|Boys||6.47 (1.50)||6.46 (1.64)||6.44 (1.89)||6.47 (1.67)||6.47 (1.66)||0.3|
|Girls||6.00 (1.25)||5.92 (1.57)||5.70 (1.49)||6.00 (1.47)||5.98 (1.47)||0.4|
|PA during break
time at school *n=1177(%)
|Low||40 (49.3)||72 (60.5)||26 (52.0)||502 (54.2)||640 (54.3)||0.5|
|Medium||27 (33.3)||26 (21.8)||14 (28.0)||249 (26.8)||316 (26.8)|
|High||14 (17.2)||21 (17.6)||10 (20.0)||176 (18.9)||221 (18.8)|
|PA after school day
**n=1176 (%) 5missing
|Low||10 (12.3)||23 (19.3)||13 (26.0)||173 (18.6)||219 (18.6)||0.3|
|Medium||16 (19.7)||18 (15.1)||7 (14.0)||130 (14.0)||171 (14.5)|
|High||55 (67.9)||78 (65.5)||30 (60.0)||623 (67.2)||786 (66.8)|
|PA during the
previous 3 schoolfree
n=1175 (%) 6
|Low||16 (19.7)||21 (17.6)||12 (24.0)||177 (19.1)||226 (19.2)||0.4|
|Medium||48 (59.2)||58 (48.7)||22 (44.0)||480 (51.7)||608 (51.7)|
|High||17 (20.9)||40 (33.6)||16 (32.0)||268 (28.0)||341 (29.0)|
|*Low=No day or one day, Medium=Two or three days, High=four or five days. ** Low=Never, more seldom or once a month, Medium=Once a week, High=More than once a week or every day. *** Low=No day, Medium=One to two days and High=three days|
Table 3: Self-reported physical activity (PA) among the study participants, stratified by selfreported current allergic symptoms.
*Likert scale 0-6
|Current asthma only||Current RC only||Both current
asthma and RC
|1.62 (0.30-4.50)||1.56 (0-4.13)||2.24 (0-4.75)||0.93 (0-5.0)||<0.001|
|2.12 (0-4.40)||2.39 (0.36-4.67)||2.63 (0-4.87)||0.99 (0-4.73)||0.004|
|1.29 (0-4.00)||1.04 (0.0-4.33)
|1.51 (0.0-5.0)||0.47 (0-6.0)||0.001|
|*0=“not troubled at all” and 6=“extremely troubled|
Table 4: HRQoL scores obtained from the PADQLQ-questionnaire in relation to selfreported current or previous allergic symptoms.
Figure 2: Differences between the symptom groups; previous asthma and/or RC, current asthma only, current RC only, and current asthma and RC, in the three domains of HRQoL. a) Practical domain, b) Physical domain and c) Emotional domain. HRQoL scores from the 7-point Likert scale used in the PADQLQ-questionnaire are given on the Y-axis were 0 denotes “not troubled at all” and 6 “extremely troubled”.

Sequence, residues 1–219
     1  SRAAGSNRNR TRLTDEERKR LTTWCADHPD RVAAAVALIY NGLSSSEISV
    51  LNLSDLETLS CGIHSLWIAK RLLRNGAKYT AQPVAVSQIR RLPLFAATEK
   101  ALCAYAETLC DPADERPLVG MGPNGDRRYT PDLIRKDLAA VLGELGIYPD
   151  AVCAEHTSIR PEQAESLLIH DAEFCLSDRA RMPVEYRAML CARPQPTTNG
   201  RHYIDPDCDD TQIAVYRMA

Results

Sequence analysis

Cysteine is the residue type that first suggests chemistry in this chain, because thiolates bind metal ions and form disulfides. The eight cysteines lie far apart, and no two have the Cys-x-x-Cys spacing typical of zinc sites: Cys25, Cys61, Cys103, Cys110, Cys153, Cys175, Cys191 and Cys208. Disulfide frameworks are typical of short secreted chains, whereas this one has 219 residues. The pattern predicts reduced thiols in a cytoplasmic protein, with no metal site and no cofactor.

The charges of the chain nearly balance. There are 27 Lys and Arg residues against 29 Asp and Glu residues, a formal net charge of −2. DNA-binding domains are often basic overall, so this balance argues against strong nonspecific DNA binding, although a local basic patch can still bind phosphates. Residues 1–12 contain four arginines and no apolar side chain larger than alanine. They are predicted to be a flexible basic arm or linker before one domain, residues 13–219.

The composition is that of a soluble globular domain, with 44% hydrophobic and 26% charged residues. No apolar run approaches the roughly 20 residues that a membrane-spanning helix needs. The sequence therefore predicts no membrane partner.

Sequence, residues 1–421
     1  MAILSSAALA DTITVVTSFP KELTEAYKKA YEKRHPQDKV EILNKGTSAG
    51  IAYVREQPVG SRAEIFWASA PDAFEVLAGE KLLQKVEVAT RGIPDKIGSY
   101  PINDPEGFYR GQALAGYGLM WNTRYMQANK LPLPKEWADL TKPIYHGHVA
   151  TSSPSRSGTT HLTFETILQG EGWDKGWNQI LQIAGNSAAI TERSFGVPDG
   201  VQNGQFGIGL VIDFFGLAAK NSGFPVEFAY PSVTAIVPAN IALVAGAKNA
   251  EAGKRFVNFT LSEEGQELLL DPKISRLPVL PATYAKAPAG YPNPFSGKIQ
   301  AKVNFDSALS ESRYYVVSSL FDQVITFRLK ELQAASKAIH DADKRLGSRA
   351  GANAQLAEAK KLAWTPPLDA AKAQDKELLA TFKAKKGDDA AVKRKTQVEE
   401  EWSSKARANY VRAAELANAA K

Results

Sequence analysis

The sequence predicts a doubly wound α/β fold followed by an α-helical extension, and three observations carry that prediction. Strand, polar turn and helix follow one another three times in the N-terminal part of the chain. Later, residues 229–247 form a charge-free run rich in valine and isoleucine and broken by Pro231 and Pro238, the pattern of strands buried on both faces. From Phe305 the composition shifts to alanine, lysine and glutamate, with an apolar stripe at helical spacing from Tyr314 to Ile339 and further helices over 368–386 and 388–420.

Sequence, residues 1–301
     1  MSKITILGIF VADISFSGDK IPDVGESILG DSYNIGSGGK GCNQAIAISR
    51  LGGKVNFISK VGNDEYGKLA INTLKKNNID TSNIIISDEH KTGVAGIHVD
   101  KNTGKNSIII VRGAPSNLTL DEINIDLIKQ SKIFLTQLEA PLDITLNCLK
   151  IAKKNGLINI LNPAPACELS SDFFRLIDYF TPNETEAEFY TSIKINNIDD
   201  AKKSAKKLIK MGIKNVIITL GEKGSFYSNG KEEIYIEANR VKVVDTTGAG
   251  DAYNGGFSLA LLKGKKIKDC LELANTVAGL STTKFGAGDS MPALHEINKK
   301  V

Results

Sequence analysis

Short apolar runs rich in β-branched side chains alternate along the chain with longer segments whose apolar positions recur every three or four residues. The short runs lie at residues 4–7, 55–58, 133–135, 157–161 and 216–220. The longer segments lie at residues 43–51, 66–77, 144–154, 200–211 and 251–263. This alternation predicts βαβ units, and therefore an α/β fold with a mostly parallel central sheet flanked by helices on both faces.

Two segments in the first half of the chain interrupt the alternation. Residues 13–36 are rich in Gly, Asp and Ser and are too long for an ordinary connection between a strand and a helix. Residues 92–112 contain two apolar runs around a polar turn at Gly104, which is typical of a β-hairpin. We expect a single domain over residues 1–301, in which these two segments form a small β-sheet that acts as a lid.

There were two salient findings in the present study. Firstly, there were no noticeable differences in PA among adolescents with or without allergic disease. Secondly, clear differences in HRQoL were observed depending on current or previous symptoms. In particular, adolescents with both current asthma and RC scored lower HRQoL than the others. Our results support the importance of having health care measures directed towards promoting PA among adolescents with allergic disease as part of their treatment . Adherence to such recommendations and guidelines could be one of the reason why adolescents with and without allergic disease were equally active in the present study. Both current and previous asthma were associated with lower PA in a cross-sectional study of adolescents in 2002 in Denmark . This is a finding that could not be confirmed in our study. Our study was smaller and thus more statistically uncertain, but another potential explanation for the differences could be that our study represents more recent birth cohorts where PA among individuals with allergic disease has been promoted. Other studies on PA and asthma control among adolescents reported similar results with no associations between asthma symptoms and PA in line with the present study [11,24]. Adolescents who participate regularly in physical activities are more likely to have better general health than those who never participate in physical activities [12,25,26]. The finding that adolescents with both current asthma and RC had lower HRQoL in all three domains during the pollen season, compared to those with only one current or no current symptom, is in line with previous studies [7,14,16,27,28]. The newly updated, ARIA (Allergic Rhinitis and its Impact on Asthma) guidelines with the approach to provide an active and healthy life to this patient group and to stress the importance of HRQoL instruments in clinical practice to evaluate and treat symptoms, using mobile technology . PA during the school day may have many positive effects. As an example frequent PA at school was associated with higher final grades for boys in a recent study . Many of the adolescents in our study were not physically active during break time at school that might have been due to short pauses or not enough stimulating environment in the schoolyards. It is thus important to promote PA at school, which could be done by investments in both school and surrounding environments .